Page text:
Job growth

Last year, Breslin received an award for being Labor Man of the Year from the Capital District Labor Counsel. He said he was very involved in Global Foundries, a semiconductor foundry company that recently opened in Malta.

“I was involved in negotiations to make sure local labor would be involved; there were over six million hours of labor for local workers,” according to Breslin. He said he would work to make sure that the programs at the local community and four-year colleges are able to address the needs of the local work force.

Breslin said the state work force has been reduced in the last decade, and, with the recent retirement incentive, it is being reduced even further, in an effort to save state spending. State salaries have also been frozen, but Breslin said salaries can’t be cut because they are subject to contracts.

“The source of job growth is small businesses. We need to provide a positive business environment to sustain long-term growth,” Martland said. The way to do that, in his opinion, is to lower the cost of operating a business in the area. He said the government needs to cut down on the regulation of small businesses.

“There is too much oversight, and there are too many regulations, which pose burdens on businesses and their locations,” said Martland. He said the Capital District needs to attract businesses and make them want to stay.

“We don’t need to expand government, but I am against furloughs and lay-offs for state workers,” Martland said. He said the worst thing to do when jobs are scarce is to lay off workers.

Education funding

The federal educational jobs bill, passed last month, will send $10 billion to school districts across the country to prevent teacher layoffs; an estimated $607 million will go to New York State. The federal Department of Education will make allocations to states based on overall population and student enrollment; states will then distribute the funds based on their formulas.

There are two possible methods of distribution — through the state aid formula or through Title 1 of the Elementary and Secondary Education Act of 1965. Title 1 is based on poverty counts, which typically favors big-city school districts. The state aid formula would distribute the funding across the state.

Martland said he favors the Title 1 method of distribution.

“We need to direct money to the neediest districts. Education and health-care are the last things that should be cut,” said Martland.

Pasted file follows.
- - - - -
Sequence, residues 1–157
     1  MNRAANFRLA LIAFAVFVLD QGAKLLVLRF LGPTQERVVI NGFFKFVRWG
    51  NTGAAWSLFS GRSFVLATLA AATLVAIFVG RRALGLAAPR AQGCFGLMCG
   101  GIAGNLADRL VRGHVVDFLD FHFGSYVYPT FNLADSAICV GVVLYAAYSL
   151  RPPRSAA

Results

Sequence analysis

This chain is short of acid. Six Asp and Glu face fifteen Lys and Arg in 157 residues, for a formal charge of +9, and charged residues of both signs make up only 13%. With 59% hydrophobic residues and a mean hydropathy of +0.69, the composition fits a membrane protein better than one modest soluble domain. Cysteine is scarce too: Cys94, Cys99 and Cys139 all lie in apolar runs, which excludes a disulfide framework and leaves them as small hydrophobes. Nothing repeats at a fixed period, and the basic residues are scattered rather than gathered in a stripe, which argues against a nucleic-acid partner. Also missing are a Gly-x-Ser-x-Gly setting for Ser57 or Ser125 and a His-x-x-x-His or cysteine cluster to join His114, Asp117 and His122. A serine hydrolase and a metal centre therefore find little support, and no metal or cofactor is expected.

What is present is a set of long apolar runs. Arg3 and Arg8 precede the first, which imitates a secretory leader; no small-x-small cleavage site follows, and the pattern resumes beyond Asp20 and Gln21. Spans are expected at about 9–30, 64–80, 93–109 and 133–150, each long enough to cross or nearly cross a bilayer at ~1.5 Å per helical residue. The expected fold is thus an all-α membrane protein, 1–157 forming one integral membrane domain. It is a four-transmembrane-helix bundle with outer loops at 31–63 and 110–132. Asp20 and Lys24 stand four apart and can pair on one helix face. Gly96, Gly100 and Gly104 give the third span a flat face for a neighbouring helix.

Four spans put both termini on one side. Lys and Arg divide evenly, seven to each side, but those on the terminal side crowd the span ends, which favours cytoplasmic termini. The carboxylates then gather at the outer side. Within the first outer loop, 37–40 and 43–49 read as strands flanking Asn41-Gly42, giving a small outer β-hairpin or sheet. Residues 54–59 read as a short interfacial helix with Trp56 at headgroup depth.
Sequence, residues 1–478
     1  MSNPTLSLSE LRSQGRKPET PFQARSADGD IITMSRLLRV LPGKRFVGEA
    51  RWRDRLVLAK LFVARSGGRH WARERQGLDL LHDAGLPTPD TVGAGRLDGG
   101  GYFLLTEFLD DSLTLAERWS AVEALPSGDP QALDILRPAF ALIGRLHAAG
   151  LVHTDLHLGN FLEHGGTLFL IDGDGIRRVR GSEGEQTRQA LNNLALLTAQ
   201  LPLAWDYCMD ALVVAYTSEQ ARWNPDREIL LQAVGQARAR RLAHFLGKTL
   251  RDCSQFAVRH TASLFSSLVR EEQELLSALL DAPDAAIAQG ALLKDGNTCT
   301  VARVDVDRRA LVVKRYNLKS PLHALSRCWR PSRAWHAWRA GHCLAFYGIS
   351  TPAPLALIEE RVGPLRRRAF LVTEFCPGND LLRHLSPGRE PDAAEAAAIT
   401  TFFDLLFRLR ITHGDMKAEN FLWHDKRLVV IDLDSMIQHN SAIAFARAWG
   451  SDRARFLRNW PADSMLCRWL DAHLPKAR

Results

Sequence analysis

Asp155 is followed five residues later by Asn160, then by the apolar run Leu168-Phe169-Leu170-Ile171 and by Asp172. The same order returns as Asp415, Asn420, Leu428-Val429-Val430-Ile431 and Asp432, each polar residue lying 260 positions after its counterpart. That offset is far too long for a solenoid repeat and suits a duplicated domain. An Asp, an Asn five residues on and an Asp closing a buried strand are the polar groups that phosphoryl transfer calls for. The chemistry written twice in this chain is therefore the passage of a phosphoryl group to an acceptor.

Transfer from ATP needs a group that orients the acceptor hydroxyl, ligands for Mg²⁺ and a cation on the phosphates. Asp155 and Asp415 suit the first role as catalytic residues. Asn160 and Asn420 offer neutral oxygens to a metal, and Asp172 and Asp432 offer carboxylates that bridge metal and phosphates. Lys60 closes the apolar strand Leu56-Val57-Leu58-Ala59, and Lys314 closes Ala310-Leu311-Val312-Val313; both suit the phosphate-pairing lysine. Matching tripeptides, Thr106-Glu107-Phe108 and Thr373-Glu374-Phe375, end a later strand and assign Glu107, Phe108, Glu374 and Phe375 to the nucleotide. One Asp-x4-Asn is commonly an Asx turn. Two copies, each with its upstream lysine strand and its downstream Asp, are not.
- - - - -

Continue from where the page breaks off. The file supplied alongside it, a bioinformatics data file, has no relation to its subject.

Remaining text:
“No matter how we distribute it, the money has to go to high-needs schools first; the inner city schools and the rural poor schools,” Breslin said. He said everything possible must be done to make those schools equal to all others.

“For years, we have distributed money to schools that don’t need it, and they end up building something they don’t need, which is a waste of money. We have to be careful,” according to Breslin. He said the ultimate goal is to improve the math and English scores for children in New York State.


Breslin said he thinks the tax tables should be rearranged to protect the middle class.

“Income tax isn’t as progressive as it should be, and the wealthy aren’t paying their share,” said Breslin. He also said property taxes should not be increased, and, if they are, there should be a tax cap, and people’s incomes should be taken into account to establish the property-tax rate.

According to Martland, local taxes have been increasing at twice the rate of inflation for the past two years.

“We need to cap taxes at the rate of inflation,” Martland said. He is “very averse” to increased taxes and borrowing, and is opposed to any increase in sales tax.

“The property taxes literally drive people out of their homes. We need to make cuts that send an example,” said Martland.

Marriage equality

For Martland, who is gay, marriage equality is a topic that hits close to home.

“I’d like to be able to marry my partner,” he said. Breslin voted in favor of the marriage equality bill, but, Martland said, Breslin is still a part of the senate leadership that did not want to vote on the bill in the first place.

“I don’t think he’s a fighter; he just goes along with the leadership,” said Martland.

Breslin said he is highly in favor of marriage equality, and is endorsed by Empire Pride Agenda, which he called the number-one gay and lesbian organization in the state.